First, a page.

Malawi adopted the Malawi Growth and Development Strategy (MGDS) in 2006 as the main strategic policy document designed to assist Malawi in attaining its Millennium Development Goals (MDGs). Central to the MGDS is democratic governance and the development of a strong justice system, rule of law and human rights. Despite the goodwill of the Malawian government it is unable to afford to radically overhaul the elements of the criminal justice system that lead to such overcrowding. By reducing overcrowding, conditions for prisoners improve thus enhancing Malawi’s observance of the human rights of prisoners and remandees.
In tackling access to justice for the poor, IRLI has sought to implement mechanisms in partnership with local actors to remove obstacles to free legal aid in the short-term (such as capacity constraints and shortage of lawyers) in order to bring about direct change at beneficiary level, while developing systemic, sustainable interventions aimed at providing long-term benefits to the wider criminal justice sector.
The project has now placed three volunteer Programme Lawyers in Lilongwe to work with the Legal Aid Department and the Department of Public Prosecutions: Eithne Lynch, Jane O’Connell and Paul Bradfield BL.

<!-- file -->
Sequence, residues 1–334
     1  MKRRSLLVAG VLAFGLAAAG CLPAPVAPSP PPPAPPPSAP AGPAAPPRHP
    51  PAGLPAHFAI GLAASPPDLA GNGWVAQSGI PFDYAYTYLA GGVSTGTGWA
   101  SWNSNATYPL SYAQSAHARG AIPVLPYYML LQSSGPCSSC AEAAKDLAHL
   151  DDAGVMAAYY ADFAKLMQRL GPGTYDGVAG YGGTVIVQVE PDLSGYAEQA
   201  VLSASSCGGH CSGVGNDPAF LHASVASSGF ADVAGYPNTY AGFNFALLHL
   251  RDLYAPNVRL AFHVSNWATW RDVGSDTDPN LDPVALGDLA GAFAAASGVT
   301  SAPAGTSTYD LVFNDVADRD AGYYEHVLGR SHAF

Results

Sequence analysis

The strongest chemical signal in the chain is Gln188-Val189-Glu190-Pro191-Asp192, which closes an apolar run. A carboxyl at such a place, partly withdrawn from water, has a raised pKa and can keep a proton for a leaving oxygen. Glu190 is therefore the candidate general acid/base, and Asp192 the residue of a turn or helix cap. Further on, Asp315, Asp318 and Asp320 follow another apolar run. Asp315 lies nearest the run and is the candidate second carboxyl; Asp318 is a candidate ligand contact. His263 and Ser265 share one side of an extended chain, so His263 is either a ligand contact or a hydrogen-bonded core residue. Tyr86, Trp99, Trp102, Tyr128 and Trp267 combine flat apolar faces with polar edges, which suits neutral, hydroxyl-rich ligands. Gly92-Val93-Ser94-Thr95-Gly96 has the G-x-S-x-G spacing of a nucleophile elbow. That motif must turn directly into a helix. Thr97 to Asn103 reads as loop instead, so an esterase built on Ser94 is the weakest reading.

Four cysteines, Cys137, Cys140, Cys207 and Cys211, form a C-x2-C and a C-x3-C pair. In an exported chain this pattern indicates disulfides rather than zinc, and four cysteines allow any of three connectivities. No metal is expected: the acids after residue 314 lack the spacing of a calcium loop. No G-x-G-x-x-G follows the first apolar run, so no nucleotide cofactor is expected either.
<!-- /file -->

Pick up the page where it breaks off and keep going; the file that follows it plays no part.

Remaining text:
In order to change the situation of illegal detainees, the first intervention IRLI and Legal Aid undertook was to reinforce their civil and political rights by granting access to justice and addressing the actual pre-trial detention. In August 2011 IRLI conducted a baseline study in Maula adult prison on the homicide pre-trial detainee population and length of time spent on remand. It was observed that the ten longest serving homicide detainees had spent an average 2,006 days (5 years 181 days) on remand with no trial in sight. Due to IRLI’s work with Legal Aid this has been reduced to an average of 1,417 days (3 years and 322 days), resulting in a reduction of 1 year and 224 days by the end of the pilot year. It is anticipated that this will drop to 1,022 days (2 years and 292 days) by September 2013, therefore effectively cut in half.
Through participatory planning with criminal justice sector actors, it was identified by IRLI that an emphasis on alternatives to incarceration, particularly promoting restorative justice practices, could bring about systemic changes for those entering the criminal justice system. It is operated without long term need for lawyers, and is triggered at first contact with the law. A diversion programme was devised within Lilongwe Main Police Station to bring access to justice to minor offenders allowing them to be reprimanded for their behaviour without exposing them to the risk of illegal detention. This has prevented offenders, who can be dealt with in a more effective manner, from overburdening the prisons and courts, allowing them to return to their lives without disproportionate detrimental effect to their livelihood and family. IRLI is now looking at implementing diversion throughout the Central Region.
IRLI also invests significantly in capacity building and human rights training for legal professionals, police and magistrates. In this regard, the project sends teams of Irish lawyers to Malawi on a rolling short term basis to supplement the work of the Programme Lawyers.
This project is part funded by Irish Aid